What Romney Says He Learned From '08 Campaign
"One of the things that's important in running a good campaign is to make sure that you're known for the things that really motivate you, and I needed to do a better job to focus my campaign on the economy and getting the economy right and creating jobs," he said. "And whether through my ads or through my responses to debate questions or on the stump, you know, my power alley is the economy."
Romney's remarks came after he participated in a forum hosted by the nonpartisan McCormick Freedom Project, as part of his nationwide book tour.
He added that the surge in Iraq had been the key issue when he was running in the presidential primaries and that eventual nominee John McCain had benefited by embarking on a highly visible nationwide tour in favor of the surge.
"I mean you can't compete with Sen. McCain on who's most experienced in dealing with Iraq," Romney said. "Then when we came to Michigan, the issue became the economy, and that's of course where I tended to do better. And yeah, I wish I'd have got on that earlier and made that more clear to people as I was out on that stump."
During the hour-long forum, moderator Elizabeth Bracket peppered the former Massachusetts governor with tough questions about his emphatic opposition to the national health care bill that President Obama signed into law on Tuesday, especially in light of Romney's own successful push for universal health care in Massachusetts.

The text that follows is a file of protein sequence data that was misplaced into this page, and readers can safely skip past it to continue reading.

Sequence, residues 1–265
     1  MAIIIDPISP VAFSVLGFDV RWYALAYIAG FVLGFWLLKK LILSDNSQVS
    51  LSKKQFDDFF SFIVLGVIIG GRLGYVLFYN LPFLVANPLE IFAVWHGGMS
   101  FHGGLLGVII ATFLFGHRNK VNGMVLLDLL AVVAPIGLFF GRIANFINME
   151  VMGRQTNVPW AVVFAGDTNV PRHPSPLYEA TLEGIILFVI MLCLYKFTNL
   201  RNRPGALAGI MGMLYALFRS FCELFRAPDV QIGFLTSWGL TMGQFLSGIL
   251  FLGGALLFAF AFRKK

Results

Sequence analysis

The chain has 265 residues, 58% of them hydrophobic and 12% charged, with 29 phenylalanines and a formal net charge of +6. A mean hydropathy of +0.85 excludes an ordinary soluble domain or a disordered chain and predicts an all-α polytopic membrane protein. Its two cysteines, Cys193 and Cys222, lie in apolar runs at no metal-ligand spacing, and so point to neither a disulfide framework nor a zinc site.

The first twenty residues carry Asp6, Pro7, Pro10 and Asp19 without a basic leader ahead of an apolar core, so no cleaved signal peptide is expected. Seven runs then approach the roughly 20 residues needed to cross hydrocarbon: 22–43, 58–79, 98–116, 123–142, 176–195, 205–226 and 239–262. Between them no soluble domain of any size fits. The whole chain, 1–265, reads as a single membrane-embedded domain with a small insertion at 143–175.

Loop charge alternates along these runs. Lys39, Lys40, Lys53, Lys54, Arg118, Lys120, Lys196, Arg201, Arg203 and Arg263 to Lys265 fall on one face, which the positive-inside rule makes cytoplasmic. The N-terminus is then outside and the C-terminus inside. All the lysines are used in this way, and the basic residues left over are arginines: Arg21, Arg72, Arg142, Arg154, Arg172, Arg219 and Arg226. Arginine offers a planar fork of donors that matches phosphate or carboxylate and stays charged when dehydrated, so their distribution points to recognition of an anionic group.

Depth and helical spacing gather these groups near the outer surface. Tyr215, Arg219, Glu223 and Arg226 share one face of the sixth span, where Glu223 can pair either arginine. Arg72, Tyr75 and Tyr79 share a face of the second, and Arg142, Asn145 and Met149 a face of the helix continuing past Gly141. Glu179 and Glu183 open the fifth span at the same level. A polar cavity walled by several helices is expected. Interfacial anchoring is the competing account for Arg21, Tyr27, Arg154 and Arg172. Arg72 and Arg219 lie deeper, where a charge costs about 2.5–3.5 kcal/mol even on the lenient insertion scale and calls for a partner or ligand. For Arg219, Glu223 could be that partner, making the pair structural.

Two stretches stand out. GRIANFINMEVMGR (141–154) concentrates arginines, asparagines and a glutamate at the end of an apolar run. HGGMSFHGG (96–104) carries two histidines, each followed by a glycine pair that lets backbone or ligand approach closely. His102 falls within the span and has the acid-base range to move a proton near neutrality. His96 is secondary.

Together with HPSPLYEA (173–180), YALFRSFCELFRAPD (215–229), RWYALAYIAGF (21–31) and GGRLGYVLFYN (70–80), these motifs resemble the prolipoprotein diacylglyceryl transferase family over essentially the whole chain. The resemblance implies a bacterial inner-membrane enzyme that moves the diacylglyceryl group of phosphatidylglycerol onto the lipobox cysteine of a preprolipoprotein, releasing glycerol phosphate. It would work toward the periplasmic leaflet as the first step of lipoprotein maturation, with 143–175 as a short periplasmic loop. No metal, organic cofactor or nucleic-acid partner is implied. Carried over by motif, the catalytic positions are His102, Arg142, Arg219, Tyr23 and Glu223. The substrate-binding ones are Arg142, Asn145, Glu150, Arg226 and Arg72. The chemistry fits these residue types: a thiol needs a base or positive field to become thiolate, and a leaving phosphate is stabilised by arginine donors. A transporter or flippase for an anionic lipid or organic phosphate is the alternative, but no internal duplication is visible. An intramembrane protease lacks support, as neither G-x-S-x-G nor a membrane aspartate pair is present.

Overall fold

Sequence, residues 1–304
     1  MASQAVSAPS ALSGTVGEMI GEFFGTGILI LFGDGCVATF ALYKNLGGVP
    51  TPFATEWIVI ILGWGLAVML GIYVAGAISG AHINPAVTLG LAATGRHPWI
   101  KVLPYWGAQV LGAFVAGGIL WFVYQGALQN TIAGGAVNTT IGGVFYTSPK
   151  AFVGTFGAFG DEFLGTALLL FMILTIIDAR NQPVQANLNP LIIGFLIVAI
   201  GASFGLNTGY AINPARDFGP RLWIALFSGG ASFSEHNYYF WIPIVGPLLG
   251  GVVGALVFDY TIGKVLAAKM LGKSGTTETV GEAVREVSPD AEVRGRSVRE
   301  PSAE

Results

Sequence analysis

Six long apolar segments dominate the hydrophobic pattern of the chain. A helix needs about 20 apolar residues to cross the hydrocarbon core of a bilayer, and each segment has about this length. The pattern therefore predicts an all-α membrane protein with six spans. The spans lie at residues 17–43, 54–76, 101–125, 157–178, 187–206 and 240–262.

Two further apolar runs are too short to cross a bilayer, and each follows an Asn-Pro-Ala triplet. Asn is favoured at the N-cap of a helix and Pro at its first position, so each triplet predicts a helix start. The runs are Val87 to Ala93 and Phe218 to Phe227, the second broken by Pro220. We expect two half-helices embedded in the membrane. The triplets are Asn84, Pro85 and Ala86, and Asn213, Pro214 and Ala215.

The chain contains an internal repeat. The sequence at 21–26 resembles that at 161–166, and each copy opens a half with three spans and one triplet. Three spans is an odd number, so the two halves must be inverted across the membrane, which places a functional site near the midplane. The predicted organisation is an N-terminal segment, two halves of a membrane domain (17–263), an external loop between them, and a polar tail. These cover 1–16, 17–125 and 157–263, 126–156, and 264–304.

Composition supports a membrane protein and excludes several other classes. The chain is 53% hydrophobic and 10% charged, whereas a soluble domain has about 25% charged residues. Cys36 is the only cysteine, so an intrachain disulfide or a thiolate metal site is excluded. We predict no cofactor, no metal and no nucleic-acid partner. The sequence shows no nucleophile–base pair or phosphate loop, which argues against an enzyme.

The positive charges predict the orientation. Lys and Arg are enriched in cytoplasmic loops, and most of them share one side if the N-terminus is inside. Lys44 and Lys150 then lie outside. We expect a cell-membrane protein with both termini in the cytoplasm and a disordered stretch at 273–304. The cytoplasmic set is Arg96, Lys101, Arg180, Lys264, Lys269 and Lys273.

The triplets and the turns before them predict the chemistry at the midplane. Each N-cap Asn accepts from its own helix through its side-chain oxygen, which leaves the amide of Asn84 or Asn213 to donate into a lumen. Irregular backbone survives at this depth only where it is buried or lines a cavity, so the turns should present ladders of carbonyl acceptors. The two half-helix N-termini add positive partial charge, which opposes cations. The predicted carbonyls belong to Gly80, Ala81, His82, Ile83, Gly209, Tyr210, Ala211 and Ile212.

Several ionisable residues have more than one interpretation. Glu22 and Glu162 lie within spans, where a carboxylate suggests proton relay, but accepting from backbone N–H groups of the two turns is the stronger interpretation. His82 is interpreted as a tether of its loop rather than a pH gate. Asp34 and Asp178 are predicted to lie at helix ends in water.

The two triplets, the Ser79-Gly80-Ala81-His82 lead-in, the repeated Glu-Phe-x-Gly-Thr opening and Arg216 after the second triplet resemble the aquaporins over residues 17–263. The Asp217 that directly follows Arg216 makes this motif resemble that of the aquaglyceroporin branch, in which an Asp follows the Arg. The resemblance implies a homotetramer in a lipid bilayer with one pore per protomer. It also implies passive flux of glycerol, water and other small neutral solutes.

Romney reiterated his affirmation that the manner in which the president went about pushing reform through Congress was a "terrible abuse of power," citing the fact that the bill had no Republican support and decrying "special deals" that were cut with interest groups.
He was particularly engaged when PBS's Brackett asked him about his recently released book "No Apology: The Case For American Greatness," the focus of which centers around Romney's belief in the concept of American exceptionalism and the idea that the assertion that the Obama administration hasjeopardized the American era of global dominance.
"Weakness is what invites war and terror," he said. "America's strength, in particular, well, it's the best friend peace has ever known."
The economy may always be the issue most obviously in Romney's wheelhouse, but foreign affairs seem to occupy his attention at least equally as much these days. The substance of Romney's book begins with a discussion of America's role in the world, in which he opines on everything from the decline of the Ottoman Empire to current European perceptions of the United States.
Romney certainly will strive to more effectively emphasize his economic credentials if he does make another run for it in 2012, but don't be surprised if foreign policy is another focal point of his revamped message.
Scott Conroy is a CBS News digital journalist.
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